Advice always presupposes evaluation or judgment (even if positive), and haven’t we all had enough of that? Can I be let simply be, imperfect as I am, in joy and foolishness and sadness? In myself, in my clients and in people with whom I hold emotional conversations I recognize this longing… The longing to be accepted just as we are. Yet it is difficult to withhold our judgements and opinions when listening to a person in distress. We want to do something, we want to be able to help, not to remain passive. Well – to this I may say that we tend to greatly underestimate the power of empathic listening. This kind of listening is not a passive act, for you need to listen with your whole being, to immerse yourself in the process.

Carl Rogers, one of the pioneers of Humanistic psychology and a founder of person-centred therapy wrote that when a person “finds someone else listening acceptantly to his feelings, he little by little becomes able to listen to himself” (On Becoming a Person). When we are being listened to in this particular way, when we feel accepted as we are, we begin to get in touch with our inner being, our own inner guide that will unlock hidden resources for healing and growth.

 

Love yourself… as your neighbour

As Christmas approaches and people are rushing around doing gifts shopping and arranging family meetings, I find myself reflecting more and more about one of the central themes to this holiday: love.

We all are longing for love. Aren’t we? And when I say this I don’t mean only romantic love, but love expressed and experienced in different forms: through human companionship, acceptance kindness. In my therapy work (as well as in “real life”) I constantly meet people who talk about how they suffer from isolation, from the lack of real connection and appreciation. They express the deep-felt desire to be listened to, cared for, acknowledged. Paradoxically, however, we often expect that all these things must come from the outside. That they should be expressed and given to us by other people. It is as if we had no right to give these very gifts to ourselves. As if there was some part within us that forbade us from accepting, acknowledging and nurturing our selves. Yet, this part appears to be always fighting another part, the innate part that tries to assert – sometimes in a whisper, sometimes in a stifled scream – its birthright for love.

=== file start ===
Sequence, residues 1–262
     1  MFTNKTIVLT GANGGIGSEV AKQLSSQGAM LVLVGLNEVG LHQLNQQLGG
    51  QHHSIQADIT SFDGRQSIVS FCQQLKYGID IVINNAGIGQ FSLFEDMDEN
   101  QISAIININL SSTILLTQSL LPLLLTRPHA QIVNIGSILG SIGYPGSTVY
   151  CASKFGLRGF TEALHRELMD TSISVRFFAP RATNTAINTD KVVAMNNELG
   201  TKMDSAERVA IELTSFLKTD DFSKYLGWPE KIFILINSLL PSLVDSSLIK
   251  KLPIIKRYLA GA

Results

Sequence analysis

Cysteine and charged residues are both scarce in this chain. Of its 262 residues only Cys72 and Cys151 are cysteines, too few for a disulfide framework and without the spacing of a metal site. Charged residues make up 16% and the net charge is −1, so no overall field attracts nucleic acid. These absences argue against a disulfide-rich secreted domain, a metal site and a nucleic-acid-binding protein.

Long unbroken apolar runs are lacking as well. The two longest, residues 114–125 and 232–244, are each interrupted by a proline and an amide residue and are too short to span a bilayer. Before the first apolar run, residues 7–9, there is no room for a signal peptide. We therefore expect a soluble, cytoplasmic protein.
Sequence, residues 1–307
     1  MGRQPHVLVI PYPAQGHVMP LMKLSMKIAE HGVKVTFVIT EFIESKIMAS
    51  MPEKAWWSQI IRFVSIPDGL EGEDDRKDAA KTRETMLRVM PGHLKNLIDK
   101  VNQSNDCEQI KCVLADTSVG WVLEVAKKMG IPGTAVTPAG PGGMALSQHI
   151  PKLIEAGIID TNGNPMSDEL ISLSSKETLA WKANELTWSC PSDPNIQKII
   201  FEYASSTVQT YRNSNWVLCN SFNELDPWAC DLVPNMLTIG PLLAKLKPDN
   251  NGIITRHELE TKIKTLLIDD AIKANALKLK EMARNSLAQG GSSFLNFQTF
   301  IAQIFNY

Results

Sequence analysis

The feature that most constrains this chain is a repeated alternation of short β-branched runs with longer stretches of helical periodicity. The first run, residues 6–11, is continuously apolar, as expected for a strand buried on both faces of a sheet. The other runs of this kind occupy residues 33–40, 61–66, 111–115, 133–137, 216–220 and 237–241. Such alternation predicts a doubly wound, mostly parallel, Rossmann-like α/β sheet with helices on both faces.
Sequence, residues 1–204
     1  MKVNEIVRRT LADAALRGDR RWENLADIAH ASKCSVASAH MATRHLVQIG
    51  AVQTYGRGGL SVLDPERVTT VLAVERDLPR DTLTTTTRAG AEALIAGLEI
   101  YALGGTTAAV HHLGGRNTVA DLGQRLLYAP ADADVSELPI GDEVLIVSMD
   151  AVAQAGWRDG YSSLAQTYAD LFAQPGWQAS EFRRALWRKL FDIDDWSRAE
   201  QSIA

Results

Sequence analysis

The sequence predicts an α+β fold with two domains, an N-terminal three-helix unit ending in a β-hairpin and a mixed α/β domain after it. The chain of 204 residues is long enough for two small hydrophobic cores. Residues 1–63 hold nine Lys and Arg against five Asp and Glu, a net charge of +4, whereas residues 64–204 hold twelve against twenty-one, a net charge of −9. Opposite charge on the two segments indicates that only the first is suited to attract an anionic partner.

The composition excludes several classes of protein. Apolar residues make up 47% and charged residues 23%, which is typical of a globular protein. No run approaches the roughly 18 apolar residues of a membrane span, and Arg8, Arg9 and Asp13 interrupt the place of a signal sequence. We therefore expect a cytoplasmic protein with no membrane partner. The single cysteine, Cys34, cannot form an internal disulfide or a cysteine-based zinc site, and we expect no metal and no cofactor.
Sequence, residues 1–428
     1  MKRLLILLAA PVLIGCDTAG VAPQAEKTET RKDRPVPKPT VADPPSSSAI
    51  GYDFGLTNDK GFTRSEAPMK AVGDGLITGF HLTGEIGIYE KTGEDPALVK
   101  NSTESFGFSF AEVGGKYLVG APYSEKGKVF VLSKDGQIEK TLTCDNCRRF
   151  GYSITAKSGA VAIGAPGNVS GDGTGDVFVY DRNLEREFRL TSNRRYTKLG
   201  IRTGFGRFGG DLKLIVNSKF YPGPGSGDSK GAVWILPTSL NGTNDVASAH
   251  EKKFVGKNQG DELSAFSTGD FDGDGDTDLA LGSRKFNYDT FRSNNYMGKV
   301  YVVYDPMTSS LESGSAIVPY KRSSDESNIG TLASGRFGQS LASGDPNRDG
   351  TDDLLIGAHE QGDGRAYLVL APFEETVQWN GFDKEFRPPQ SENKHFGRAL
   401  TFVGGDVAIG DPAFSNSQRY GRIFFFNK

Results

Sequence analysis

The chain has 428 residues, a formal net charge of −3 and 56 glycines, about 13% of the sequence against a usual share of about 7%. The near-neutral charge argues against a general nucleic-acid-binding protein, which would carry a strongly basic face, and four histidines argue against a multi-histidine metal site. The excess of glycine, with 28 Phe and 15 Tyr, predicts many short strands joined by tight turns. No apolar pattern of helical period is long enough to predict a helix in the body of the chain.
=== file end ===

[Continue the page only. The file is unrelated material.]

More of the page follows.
For some people the conflict between these two parts is very bitter and poignant, so that at times they really feel torn apart. This is certainly how it used to be for me… But how does it come about?

The topic is very complex indeed. It can by no means be even partially covered in this short article, but nonetheless I would like to say a few words and thus to open the discussion. In a very simplified form, it appears to me to be a conflict between “nature” and “nurture.” It appears that the sense of self-value, the sense of our own uniqueness and our right to be happy is something inborn in us. Otherwise we wouldn’t have ever felt offended or wronged. These emotions can only arise if that inborn sense has been impinged on. Even small children would cry sometimes “This is not fair!” Even animals can feel it! And I believe that this perception of unfairness comes from the deep-rooted, almost instinctual sense of justice intrinsically connected with the feeling of self-worth.

However, much of our upbringing and education aimed to make us fit for living in a society works through suppressing, reframing and restraining our instinctual urges. And – to a certain extent – it is, of course, a necessary thing and something that makes us self-conscious humans. What happens though is that the “baby gets thrown out together with the water.” It is as if from the old biblical saying “love your neighbour as yourself,” the second half has been chucked away, so we are left just with “love your neighbour.”

As we are constantly admonished to be sensitive to other people, to be considerate and care for others’ needs, we often get little confirmation that our needs and feelings are equally important. That being in tune with our feelings and needs can actually also help us better care for others. Thus we end up growing with the underlying sense of guilt and self-denial; unable to distinguish between being “selfish” and being in tune with our needs.

These issues are intrinsically connected with self-esteem. The more we have been denied as children the proper care and nourishing love that validated our inborn sense of self-worth the lower will be our self-esteem as adults, and the more acute would be the conflict between the craving for love and a suspicion that we somehow do not deserve it. Because the craving is strong and cannot be easily overcome we may end up demanding love from others. But others can never give us what we do not want to give ourselves! By which I mean that even if somebody loves me very much, if my self-esteem is low, I will constantly doubt their love and demand further and further proofs that would somehow never be enough. At the end this makes us totally dependent on other people for validating our self-worth and often undermines the relationships.